How to Stay at an Irish Manor House
Many of Ireland’s grand estates that take in paying guests are privately owned homes (only a few of which still belong to their original families), so don’t necessarily expect typical hotel amenities such as reception desks and room service. But the experience is well worth it.
Here’s our insider’s guide to getting the royal treatment on the Emerald Isle:
How to Book:
Dinner at the manor, which is sometimes a group affair, can also be reserved at booking. Some houses, particularly those with gardens, welcome day visits, whereas others offer guided tours of the house interior, generally by appointment only.
Best Time to Go:
May, June, and September are usually the sunniest, mildest months to visit Ireland. But always be prepared for rain.
Act as if you’re staying with friends of friends, and you’re most of the way there. You’re not expected to make your own bed, but bear in mind your host may be the one cleaning up when you’re out. If there’s a hired cleaner, you can leave a tip in the room.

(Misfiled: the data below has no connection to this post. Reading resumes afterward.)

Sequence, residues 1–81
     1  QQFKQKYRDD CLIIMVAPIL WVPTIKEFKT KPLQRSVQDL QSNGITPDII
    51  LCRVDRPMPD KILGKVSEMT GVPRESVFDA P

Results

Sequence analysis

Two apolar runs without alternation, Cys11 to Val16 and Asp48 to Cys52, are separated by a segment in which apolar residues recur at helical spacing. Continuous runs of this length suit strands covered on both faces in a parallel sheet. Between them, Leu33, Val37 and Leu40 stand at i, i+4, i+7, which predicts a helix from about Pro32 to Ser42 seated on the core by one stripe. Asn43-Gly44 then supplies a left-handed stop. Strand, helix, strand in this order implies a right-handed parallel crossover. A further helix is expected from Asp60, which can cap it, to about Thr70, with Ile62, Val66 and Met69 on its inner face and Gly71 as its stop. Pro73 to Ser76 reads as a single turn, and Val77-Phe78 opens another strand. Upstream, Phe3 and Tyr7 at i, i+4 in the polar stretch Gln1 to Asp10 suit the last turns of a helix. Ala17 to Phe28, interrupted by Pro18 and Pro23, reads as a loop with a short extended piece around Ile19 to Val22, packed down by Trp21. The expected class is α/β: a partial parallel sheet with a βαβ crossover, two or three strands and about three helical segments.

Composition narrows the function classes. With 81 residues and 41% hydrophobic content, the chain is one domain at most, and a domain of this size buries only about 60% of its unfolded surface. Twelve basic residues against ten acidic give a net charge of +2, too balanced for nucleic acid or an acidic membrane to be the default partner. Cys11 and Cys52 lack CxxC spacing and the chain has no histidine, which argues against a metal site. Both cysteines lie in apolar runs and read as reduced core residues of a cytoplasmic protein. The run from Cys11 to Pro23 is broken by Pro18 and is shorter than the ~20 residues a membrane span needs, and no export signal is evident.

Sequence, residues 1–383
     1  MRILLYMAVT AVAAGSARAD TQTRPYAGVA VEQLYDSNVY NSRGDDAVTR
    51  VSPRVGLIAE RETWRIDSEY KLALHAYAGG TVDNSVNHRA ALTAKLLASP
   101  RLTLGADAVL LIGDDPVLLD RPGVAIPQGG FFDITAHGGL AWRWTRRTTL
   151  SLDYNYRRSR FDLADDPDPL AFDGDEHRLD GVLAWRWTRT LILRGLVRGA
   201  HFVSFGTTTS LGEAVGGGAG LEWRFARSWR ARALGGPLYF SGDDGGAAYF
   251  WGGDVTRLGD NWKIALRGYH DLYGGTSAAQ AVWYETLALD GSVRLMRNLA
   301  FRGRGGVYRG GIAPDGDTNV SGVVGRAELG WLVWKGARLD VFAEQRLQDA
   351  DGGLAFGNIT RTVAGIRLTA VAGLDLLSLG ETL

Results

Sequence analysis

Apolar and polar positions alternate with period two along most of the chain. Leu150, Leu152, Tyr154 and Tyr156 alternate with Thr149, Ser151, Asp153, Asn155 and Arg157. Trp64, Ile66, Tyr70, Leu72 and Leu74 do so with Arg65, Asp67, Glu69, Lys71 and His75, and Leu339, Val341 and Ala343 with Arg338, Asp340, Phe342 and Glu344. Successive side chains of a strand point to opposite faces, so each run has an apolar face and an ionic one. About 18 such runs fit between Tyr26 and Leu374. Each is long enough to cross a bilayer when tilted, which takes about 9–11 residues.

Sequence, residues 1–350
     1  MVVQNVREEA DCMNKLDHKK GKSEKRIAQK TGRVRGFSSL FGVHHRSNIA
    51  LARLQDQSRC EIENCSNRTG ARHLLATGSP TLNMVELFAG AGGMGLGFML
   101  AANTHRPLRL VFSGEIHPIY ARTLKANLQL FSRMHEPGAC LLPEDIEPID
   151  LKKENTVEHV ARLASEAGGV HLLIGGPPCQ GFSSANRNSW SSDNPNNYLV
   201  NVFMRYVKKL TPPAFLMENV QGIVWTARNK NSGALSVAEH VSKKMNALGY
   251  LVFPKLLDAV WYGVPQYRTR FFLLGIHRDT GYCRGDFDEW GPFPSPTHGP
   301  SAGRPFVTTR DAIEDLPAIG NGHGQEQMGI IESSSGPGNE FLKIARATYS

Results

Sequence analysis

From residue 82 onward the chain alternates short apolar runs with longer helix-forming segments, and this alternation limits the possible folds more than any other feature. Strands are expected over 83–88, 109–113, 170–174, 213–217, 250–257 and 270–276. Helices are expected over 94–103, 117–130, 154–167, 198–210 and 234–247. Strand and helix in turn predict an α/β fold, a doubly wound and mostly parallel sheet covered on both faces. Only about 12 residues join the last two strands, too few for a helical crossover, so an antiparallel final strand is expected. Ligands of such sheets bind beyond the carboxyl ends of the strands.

Hair dryers and toiletries are usually provided, but you might want to bring your own just in case (or ask the proprietors to make sure).
In some houses, dogs are free to roam the lower floors. If you’re headed for a walk, consider offering to take the dog along as well.
What to Read:
The Big House has its own genre in the rich world of Irish literature.
The writing duo Somerville and Ross inject considerable humor into the Irish R.M. series, Elizabeth Bowen conveys poignant gravitas in The Last September, and Molly Keane produced dark comic gems such as Good Behaviour.
- In designing the White House, in Washington, D.C., Irishman James Hoban was inspired by Leinster House in Dublin.
- Castletown House, Ireland’s largest Palladian-style manor, was built for innkeeper’s son William Conolly, who became the wealthiest man in Ireland.
- When Sir Edward Pakenham of Tullynally Castle was killed at the battle of New Orleans in 1815, his family shipped him home for burial preserved in a barrel of rum.
This piece appeared alongside the feature, “At Home In Ireland,” both which originally appeared in the April 2014 issue of National Geographic Traveler magazine.